So, if I ever want to see myself paddling a red hull while wearing bright mango in steel gray water amongst white icebergs, I know I’ve got to be patient with myself. I’m going to need to spend a lot of time holding onto a dock, working on my braces and stabilizing strokes, and remembering how to roll before I’ll be able to paddle out into the open. Practice and patience.
Be patient with yourself in all things. Stop and think “can I break this down any more” before you take that next step. If you can figure this part out, you’ll almost always finish what you start. You’ll realize your visions.
I’ve tried to write this letter without telling you not to do things. I’m going to break this rule just a little bit more for my next admonition. It is a warning and it comes from my heart directed straight to your’s because this is something I got wrong when I was your age.
Show your affection. Hug people when you greet them. The European custom of cheek kissing needs to be revived. Fist bump, high five, hand-shake-to-hug, wrestle where appropriate. Spread this stuff all around. Don’t feel self conscious about your affection for others.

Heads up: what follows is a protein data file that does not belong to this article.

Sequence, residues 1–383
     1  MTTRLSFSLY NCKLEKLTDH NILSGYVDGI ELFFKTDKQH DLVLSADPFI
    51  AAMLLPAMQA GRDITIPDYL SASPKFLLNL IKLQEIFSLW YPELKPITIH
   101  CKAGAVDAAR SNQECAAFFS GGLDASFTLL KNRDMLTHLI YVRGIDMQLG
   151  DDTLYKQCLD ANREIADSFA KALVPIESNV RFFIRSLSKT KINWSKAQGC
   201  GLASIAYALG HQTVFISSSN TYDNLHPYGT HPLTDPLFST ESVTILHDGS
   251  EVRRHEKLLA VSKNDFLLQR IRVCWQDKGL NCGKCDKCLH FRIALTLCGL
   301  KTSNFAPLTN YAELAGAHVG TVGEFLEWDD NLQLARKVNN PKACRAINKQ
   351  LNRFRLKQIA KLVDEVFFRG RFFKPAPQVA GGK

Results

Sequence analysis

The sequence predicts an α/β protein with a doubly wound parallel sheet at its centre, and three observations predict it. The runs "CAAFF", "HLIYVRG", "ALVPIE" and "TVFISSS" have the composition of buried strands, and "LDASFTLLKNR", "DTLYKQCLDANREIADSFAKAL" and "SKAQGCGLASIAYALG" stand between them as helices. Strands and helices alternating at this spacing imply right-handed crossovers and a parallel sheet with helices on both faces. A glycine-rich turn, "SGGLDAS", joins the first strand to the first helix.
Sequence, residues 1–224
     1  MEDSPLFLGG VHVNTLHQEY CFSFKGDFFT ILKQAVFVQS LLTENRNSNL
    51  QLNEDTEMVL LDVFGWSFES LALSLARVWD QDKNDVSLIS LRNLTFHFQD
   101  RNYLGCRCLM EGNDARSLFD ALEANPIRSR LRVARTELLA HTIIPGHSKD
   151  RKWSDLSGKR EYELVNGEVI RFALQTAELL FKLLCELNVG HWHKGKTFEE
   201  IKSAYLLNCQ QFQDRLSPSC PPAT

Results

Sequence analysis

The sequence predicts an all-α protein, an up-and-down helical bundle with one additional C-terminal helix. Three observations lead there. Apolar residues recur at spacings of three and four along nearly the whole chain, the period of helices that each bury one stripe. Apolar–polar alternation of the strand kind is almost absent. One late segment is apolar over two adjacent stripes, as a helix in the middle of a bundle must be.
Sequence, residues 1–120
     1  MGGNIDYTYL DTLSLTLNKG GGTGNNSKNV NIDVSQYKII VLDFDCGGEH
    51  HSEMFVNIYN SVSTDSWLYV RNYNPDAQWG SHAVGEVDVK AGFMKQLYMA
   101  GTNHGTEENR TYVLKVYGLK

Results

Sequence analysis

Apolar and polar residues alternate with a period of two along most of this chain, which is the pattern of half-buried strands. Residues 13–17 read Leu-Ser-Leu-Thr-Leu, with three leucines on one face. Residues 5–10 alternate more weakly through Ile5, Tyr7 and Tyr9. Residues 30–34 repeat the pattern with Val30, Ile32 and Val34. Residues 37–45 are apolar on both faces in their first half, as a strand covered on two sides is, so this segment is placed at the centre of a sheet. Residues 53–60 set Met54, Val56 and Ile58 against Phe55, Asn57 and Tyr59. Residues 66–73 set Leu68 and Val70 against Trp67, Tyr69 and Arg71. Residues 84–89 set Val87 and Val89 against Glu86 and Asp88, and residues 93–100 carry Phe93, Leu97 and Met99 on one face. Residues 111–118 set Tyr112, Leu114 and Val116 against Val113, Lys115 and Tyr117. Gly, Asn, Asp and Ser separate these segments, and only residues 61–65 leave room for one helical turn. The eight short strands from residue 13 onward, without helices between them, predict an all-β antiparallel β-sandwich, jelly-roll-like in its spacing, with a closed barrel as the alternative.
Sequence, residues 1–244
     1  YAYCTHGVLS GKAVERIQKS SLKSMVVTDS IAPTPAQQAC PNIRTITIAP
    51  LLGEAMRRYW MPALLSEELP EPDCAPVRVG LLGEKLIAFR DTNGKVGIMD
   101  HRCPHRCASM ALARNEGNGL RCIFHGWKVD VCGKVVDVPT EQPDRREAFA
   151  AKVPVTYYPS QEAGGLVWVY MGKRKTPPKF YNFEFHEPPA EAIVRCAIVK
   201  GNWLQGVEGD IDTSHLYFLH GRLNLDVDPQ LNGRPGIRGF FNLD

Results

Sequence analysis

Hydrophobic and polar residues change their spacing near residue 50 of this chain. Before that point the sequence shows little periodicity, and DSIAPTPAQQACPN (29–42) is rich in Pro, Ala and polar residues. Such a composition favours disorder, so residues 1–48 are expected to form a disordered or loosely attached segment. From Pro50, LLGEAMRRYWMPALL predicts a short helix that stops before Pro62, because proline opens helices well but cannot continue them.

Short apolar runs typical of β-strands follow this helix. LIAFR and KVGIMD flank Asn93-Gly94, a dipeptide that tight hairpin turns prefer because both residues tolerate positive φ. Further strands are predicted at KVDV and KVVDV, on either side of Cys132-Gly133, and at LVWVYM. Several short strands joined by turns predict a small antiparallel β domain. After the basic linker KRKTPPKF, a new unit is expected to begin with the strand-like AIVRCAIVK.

The science behind affection is incontrovertible. Hugs reduce anxiety, stimulate oxytocin and dopamine, and promote parasympathetic balance. This is true for you the hugger as much as the person you’re hugging. Good grief, can you imagine a world in which we eradicate the common cold because we’re all topped off with enough affection that our collective enhanced immune response gives the rhinovirus no quarter, no place to thrive?
This society, the one in which you’ve been raised, incorrectly pushes young men towards stoicism. In order to be a man you’re not supposed to make displays of emotion. You’re supposed to lock all those feelings away, you’re supposed to be insensitive and unempathetic.
This is the All American creed of the jerk. So while I’m going to tell you not to act like a jerk, thereby breaking my rule, I’m going to follow it up by suggesting that the best way to avoid being a jerk is to hug one.
You know this already, but it deserves repeating, I am proud of you. You’re a stand up guy and a righteous dude and now that you’ve matured I’m heartened to both call you my son and my friend.
Watching you get your diploma yesterday made me so happy. Made me acknowledge what a lucky person I am for knowing you and how much better off I’ve been these last eighteen years because you’ve been in my life.
I’m letting you go, one more time.
So long, fare well, be happy.